Starving terrorists of their financial oxygen – at all costs?

Starving terrorists of their financial oxygen – at all costs? Purpose – The purpose of this paper is to argue that the leadin‘g international actor responsible for the maintenance of peace and security, the United Nations Security Council (UNSC), must ensure that they strictly abide by accepted fundamental human rights norms when promulgating and enforcing resolutions for freezing assets of suspected terrorists. Design/methodology/approach – The paper presents an overview of some fundamental human rights affected by the UN resolutions. It then compares leading case law from both the international (European Court of Justice) and domestic (the UK and the USA) perspectives. Finally, the paper discusses the leading academic critiques before exploring whether the UNSC is right to infringe or derogate from human rights norms in its counter‐terrorism policy. If so, in what circumstances and under what conditions may they be right to do so? Findings – There are several fundamental human rights norms which are not respected by the UNSC in the area of terrorist financing. Research limitations/implications – Research could be expanded to other courts. Further research should consider additional human rights that were outside the scope of this paper. Practical implications – The UNSC should allow special advocates on all matters both before the ombudsman and themselves. This should provide greater transparency. Social implications – The paper should draw attention to the seemingly incongruous position of the UNSC, tasked with protecting us and our human rights, when in fact they themselves may be breaching them. Originality/value – The paper will be valuable to governments and regulators that seek to regulate the financial markets. It will also be useful to human rights activists. http://www.deepdyve.com/assets/images/DeepDyve-Logo-lg.png Journal of Money Laundering Control Emerald Publishing

Starving terrorists of their financial oxygen – at all costs?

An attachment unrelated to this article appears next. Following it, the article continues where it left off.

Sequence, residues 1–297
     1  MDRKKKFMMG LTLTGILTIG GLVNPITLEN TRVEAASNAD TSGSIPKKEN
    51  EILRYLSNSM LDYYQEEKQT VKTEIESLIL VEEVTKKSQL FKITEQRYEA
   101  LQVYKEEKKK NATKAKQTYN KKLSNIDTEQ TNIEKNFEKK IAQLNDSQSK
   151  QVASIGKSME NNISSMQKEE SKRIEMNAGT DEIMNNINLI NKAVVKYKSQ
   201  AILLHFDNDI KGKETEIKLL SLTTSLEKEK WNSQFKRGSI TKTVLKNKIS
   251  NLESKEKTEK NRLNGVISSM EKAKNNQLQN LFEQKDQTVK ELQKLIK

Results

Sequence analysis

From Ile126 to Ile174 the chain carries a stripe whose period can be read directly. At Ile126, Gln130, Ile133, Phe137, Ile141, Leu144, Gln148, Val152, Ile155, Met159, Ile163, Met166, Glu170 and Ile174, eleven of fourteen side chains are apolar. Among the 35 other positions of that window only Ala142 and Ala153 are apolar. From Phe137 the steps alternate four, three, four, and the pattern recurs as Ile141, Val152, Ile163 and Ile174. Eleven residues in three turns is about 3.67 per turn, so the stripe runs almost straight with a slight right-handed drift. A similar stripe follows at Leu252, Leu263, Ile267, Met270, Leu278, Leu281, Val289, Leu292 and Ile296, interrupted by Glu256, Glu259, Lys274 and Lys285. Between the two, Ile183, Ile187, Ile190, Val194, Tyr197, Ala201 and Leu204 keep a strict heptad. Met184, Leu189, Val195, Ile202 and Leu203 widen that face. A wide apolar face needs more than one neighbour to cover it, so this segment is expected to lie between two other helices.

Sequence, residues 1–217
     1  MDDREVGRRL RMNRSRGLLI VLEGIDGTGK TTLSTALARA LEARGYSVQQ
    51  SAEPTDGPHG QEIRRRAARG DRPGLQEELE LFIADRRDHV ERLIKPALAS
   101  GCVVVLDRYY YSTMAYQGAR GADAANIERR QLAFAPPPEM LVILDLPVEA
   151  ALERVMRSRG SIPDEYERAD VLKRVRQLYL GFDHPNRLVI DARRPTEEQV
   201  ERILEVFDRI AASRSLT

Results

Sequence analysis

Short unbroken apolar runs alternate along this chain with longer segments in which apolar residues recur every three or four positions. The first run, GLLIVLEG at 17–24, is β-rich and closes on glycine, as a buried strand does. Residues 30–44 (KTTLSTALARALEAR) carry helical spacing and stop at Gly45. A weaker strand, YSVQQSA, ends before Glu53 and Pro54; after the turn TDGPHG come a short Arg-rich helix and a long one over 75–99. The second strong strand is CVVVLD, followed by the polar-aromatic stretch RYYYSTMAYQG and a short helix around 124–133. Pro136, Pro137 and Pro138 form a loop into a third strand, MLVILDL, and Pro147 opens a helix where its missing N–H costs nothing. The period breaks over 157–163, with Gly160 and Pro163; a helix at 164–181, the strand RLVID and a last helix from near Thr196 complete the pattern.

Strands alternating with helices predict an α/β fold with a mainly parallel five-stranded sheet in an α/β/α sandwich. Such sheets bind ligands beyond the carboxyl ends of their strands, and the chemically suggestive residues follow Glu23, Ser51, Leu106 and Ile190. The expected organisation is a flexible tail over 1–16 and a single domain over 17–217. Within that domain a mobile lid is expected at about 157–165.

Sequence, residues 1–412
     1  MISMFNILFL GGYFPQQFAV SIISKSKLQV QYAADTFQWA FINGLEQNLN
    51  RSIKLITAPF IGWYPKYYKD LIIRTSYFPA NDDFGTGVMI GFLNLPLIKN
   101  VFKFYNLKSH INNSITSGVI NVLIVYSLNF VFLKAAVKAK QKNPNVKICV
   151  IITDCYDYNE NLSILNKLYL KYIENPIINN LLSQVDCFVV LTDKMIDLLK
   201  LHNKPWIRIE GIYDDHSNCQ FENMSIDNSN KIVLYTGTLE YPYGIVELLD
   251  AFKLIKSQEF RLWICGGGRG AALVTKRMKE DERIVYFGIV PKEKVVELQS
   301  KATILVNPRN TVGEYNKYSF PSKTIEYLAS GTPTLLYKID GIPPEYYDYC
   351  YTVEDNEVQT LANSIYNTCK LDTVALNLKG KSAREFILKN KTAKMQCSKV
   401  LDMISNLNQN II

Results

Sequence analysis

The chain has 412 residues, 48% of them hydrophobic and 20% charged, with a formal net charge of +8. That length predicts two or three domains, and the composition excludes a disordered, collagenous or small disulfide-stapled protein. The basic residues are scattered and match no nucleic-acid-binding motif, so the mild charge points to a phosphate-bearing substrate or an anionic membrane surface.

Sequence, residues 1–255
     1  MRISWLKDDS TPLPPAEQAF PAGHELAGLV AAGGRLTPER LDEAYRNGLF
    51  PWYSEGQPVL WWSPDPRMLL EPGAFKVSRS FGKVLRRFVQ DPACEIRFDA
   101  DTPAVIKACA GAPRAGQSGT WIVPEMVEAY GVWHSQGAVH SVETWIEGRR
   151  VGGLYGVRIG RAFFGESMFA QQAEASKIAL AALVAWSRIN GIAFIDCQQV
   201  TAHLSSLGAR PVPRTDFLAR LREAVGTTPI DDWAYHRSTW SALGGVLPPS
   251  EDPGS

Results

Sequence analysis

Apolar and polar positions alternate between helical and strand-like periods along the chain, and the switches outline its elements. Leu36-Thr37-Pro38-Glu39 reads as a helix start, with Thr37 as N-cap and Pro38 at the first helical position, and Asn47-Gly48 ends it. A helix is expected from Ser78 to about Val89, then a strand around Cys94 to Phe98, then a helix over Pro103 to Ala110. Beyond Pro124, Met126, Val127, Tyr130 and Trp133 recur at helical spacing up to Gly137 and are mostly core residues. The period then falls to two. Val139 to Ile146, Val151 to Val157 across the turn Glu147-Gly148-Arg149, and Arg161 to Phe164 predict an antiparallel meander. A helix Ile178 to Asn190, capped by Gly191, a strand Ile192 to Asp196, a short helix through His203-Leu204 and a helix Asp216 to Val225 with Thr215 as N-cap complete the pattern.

Journal of Money Laundering Control, Volume 13 (3): 25 – Jul 20, 2010

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Publisher
Emerald Publishing
Copyright
Copyright © 2010 Emerald Group Publishing Limited. All rights reserved.
ISSN
1368-5201
D.O.I.
10.1108/13685201011057154
Publisher site
See Article on Publisher Site

Abstract

Purpose – The purpose of this paper is to argue that the leadin‘g international actor responsible for the maintenance of peace and security, the United Nations Security Council (UNSC), must ensure that they strictly abide by accepted fundamental human rights norms when promulgating and enforcing resolutions for freezing assets of suspected terrorists. Design/methodology/approach – The paper presents an overview of some fundamental human rights affected by the UN resolutions. It then compares leading case law from both the international (European Court of Justice) and domestic (the UK and the USA) perspectives. Finally, the paper discusses the leading academic critiques before exploring whether the UNSC is right to infringe or derogate from human rights norms in its counter‐terrorism policy. If so, in what circumstances and under what conditions may they be right to do so? Findings – There are several fundamental human rights norms which are not respected by the UNSC in the area of terrorist financing. Research limitations/implications – Research could be expanded to other courts. Further research should consider additional human rights that were outside the scope of this paper. Practical implications – The UNSC should allow special advocates on all matters both before the ombudsman and themselves. This should provide greater transparency. Social implications – The paper should draw attention to the seemingly incongruous position of the UNSC, tasked with protecting us and our human rights, when in fact they themselves may be breaching them. Originality/value – The paper will be valuable to governments and regulators that seek to regulate the financial markets. It will also be useful to human rights activists.

Journal

Journal of Money Laundering ControlEmerald Publishing

Published: Jul 20, 2010

Keywords: Terrorism; Financing; Human rights; Human rights (law); International organizations

References

  • Taking Rights Seriously
    Dworkin, R.

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